28 Apr 2020

Why do European governments are reluctant to use mobile phone tracking apps to save lives

Tracing apps are playing a significant role in some countries in combating COVID-19. There is no doubt that COVID-19 has given a huge boost to some technological advances but more importantly, the virus has created a public readiness to accept them.

The COVID-19 outbreak helped destroy psychological barriers by making most people accept certain restrictions on their privacy and freedoms, which they would have never previously been willing to even consider.

Mobile phone tracking technology is without a shadow of a doubt the most effective tool we have today to combat the spread of the virus. In Israel, for example, where the number of deaths as a result of the virus is one of the lowest in the western world, since mobile tracking apps were introduced, nearly half of new Corona virus carriers were discovered through the apps alone.

Israel, however, is an exception to the rule as the countries that use mobile phone tracking devices most successfully are is Asia.

Various technologies have been deployed in these tracing apps, like the blue tooth or G-P-S. the question is why some of the technologies or schemes accepted in many Asian countries find difficult to launch in Europe?

To understand the difficulties European governments are having in introducing life-saving technologies, we need to go back in time to recent history.

Many western European countries have an obsession with what they call “a right to private life”. Apparently, it is a right which is bigger than life itself.

To understand this, one must look back at the recent fascistic tendencies of some of the most dominant European states, particularly Italy, Germany, France and Spain.

The very idea that the state will use technology to track people, embeds within it fears (some will say paranoia) that governments will misuse the technology to find out who citizens communicate with, who they associate with, what political gatherings they attend and so on. To be fair, considering European recent history, the concerns are not completely baseless.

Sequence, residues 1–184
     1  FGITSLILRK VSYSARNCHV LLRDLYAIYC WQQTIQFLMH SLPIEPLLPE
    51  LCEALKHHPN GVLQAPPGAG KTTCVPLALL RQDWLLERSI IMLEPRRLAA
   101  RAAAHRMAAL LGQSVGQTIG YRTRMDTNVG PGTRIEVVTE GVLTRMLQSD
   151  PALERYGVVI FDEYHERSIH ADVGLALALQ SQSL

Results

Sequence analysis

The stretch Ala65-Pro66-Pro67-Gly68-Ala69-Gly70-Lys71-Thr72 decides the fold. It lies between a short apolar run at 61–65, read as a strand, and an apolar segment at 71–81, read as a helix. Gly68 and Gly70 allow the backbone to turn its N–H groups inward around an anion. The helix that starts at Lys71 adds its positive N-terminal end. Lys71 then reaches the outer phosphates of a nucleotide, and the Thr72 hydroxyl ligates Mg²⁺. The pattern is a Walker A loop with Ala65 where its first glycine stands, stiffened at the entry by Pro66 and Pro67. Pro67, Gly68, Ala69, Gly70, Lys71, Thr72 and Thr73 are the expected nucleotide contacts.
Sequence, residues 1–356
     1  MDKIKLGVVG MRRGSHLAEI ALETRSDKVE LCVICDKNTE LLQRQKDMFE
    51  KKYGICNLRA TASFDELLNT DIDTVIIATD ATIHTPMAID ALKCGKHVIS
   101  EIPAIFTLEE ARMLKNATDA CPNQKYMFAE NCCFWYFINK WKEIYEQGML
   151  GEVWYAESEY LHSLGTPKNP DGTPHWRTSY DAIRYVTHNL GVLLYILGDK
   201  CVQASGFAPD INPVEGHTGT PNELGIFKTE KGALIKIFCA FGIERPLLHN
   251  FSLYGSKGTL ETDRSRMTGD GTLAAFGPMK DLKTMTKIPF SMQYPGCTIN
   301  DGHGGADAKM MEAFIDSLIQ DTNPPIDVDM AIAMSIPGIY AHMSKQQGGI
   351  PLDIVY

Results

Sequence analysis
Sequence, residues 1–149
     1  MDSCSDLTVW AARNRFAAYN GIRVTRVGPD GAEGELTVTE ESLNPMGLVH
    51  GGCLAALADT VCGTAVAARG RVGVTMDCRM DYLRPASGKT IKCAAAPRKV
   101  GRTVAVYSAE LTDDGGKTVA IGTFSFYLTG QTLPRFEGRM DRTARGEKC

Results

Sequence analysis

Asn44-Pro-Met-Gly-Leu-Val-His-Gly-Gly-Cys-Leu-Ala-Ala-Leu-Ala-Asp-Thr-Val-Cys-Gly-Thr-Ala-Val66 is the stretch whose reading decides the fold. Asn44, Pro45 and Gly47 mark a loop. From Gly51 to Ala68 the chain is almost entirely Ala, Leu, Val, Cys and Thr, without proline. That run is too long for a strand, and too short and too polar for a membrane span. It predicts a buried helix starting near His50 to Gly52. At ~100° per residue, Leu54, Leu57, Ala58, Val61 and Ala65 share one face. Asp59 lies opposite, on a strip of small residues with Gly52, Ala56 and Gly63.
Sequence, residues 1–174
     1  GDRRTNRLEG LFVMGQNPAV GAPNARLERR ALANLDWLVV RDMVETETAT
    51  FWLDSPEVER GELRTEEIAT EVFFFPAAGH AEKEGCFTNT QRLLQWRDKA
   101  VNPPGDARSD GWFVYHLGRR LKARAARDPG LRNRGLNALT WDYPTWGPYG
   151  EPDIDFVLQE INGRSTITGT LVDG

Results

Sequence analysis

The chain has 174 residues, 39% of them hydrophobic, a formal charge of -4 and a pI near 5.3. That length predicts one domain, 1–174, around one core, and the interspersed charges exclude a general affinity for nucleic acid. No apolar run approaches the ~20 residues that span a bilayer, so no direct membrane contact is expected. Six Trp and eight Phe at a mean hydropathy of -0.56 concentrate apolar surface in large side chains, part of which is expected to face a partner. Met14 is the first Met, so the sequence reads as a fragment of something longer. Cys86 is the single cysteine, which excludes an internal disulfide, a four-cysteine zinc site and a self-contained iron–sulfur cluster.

Fears that their citizens have fears of privacy invasion have turned European political leaders paralysed. European governments are sitting back thinking how they can have the cake and eat it. They want to save lives, but God forbid, not at the expense of individuals’ privacy.

They are incapacitated by their own inability to demonstrate leadership and do what it takes to protect the lives of their own people. In Europe, the paranoia of being called a fascist appears to be stronger than the duty to save lives, which is the government’s most important job.

Eventually something will have to give in. Can we keep the peace on our streets without using CCTV? Can we make air travel safe without having people going through invasive airport scans? Of course not. When faced with a choice between life, quality of life and a right to private life, eventually, (after tones of academic and legal arguments) most people will choose life because this is what sensible people do.  

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